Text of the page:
Can I Get Pregnant If I Missed a Pill?

Inconsistent dosing can undermine the protective benefit

Woman holding birth control pills, mid section.
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If you miss taking a birth control pill or take one at the wrong time, it does increase your chances of becoming pregnant. However, you shouldn't panic or assume that the protective benefit of treatment has completely disappeared. The drugs do have some "forgiveness" in that levels of the medication will remain in your blood even during a gap.

But it's important to remember that the pill is not infallible.

While it is 99 percent effective in women who take the pill on time every day, that figure drops to 91 percent in women whose adherence is less than perfect. In the end, the risk of pregnancy increases the more frequently you miss doses and the wider the gap there is between doses. Even the type of oral contraceptive you are taking may contribute.

And if you miss more than one dose per cycle or pill pack, the risk of pregnancy can suddenly become very real, indeed.

How Birth Control Pills Work

Oral contraceptives work by providing your body with just enough hormones to suppress ovulation. When you take your pills as prescribed, your body will have a steady supply of to keep you from ovulating. We refer to this as maintaining the therapeutical drug level (or the level by which a drug remains effective).

To achieve the best results, you will need to take one pill at the same time every day. Missing or delaying doses allows the therapeutic drug level to drop.

Over the course of an hour, the drop may not be significant. Over 24 hours, it could very well be.

Ultimately, there is a point by which drug levels may be so low as to allow ovulation to occur. This can vary from person to person with some women expelling the drugs more quickly from their system than others.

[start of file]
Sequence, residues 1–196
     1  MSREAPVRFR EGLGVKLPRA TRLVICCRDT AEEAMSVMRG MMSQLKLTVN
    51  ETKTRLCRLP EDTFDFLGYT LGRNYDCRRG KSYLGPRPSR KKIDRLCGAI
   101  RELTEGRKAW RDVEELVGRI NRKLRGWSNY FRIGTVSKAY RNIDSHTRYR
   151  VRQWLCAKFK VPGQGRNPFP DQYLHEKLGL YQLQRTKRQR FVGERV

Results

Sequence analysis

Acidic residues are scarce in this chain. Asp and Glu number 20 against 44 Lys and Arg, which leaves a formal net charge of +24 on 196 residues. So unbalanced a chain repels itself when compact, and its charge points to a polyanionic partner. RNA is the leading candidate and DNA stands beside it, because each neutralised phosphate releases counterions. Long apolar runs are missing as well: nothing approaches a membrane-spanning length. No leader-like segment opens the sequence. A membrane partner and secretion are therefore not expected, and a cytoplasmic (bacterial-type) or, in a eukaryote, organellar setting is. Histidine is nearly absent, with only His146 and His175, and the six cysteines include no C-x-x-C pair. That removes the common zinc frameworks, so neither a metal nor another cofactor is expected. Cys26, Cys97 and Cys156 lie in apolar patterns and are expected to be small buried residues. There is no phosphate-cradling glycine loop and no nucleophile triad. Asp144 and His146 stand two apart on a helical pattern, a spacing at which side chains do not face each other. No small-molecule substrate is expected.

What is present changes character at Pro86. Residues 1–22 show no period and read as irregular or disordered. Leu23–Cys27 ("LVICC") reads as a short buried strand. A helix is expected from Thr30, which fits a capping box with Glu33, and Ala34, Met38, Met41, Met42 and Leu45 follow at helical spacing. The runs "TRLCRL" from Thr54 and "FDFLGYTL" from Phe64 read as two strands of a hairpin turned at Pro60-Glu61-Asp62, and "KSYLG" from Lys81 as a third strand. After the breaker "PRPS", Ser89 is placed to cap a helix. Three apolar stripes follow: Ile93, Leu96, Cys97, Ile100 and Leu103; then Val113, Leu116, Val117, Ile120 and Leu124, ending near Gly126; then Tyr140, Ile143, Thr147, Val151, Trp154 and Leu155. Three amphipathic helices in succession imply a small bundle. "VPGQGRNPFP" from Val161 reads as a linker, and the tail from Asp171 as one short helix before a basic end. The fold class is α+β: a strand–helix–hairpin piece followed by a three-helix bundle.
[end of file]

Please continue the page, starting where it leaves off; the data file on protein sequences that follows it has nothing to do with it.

And since the pill does not terminate a pregnancy, the moment an egg is released, pregnancy can occur.

Other Reasons Why Birth Control Pills Fails

In addition to missed or late doses, there are other things that can undermine the effectiveness of oral contraceptive. Among them:

  • Progestin-only birth control pills (also known as the "mini-pill") have far less forgiveness than the regular pills which contain both progestin and estrogen.
  • Nausea, vomiting, or diarrhea can negate the effects of the pill by expelling too much of the active drug from the body.
  • Antibiotics can also interfere with the pill's mechanism of action. Rifampin (Rifadin) and, to a lesser extent, penicillin, amoxicillin, ampicillin, sulfamethoxazole/trimethoprim(Bactrim), tetracycline, minocycline, metronidazole (Flagyl), and nitrofurantoin all have known interactions with oral contraceptive medications.

In all such cases, complementary or back-up contraception should be considered, including the use of condoms, diaphragms, sponges, etc.

What to Do If You Miss a Dose

If you are late taking a birth control pill, don't panic. It's only human to forget every now and then, and there is no point in beating yourself up about it.

Instead, try to identify why you missed the dose. Was it caused by a change in your schedule? Was there an event or incident that distracted you? Did you rush off to work before realizing your mistake?

By pinpointing the cause, you can find a way to avoid missing doses in the future, either by altering your dosing schedule or providing yourself helpful, daily reminders. If you are late taking the pill, here is what you should do:

  1. Take a dose as soon as you remember. This may mean doubling the dose if you missed an entire day. (Read the packet insert for better clarity on how and when to double up or call your doctor's office for assistance.)
  1. Use a backup method of birth control to help decrease your risk of pregnancy.
  2. Make a notation detailing what caused you to miss the dose. Keeping a daily treatment diary is particularly useful if you are just starting out.

Sources:

Daniel, K.; Mosher, W. and Jones, J. "Contraceptive methods women have ever used: United States, 1982–2010." National Health Statistics Reports. 2013; 62:1-15.

Trussell, J. "Contraceptive failure in the United States." Contraception. 2011; 83(5):397-404.

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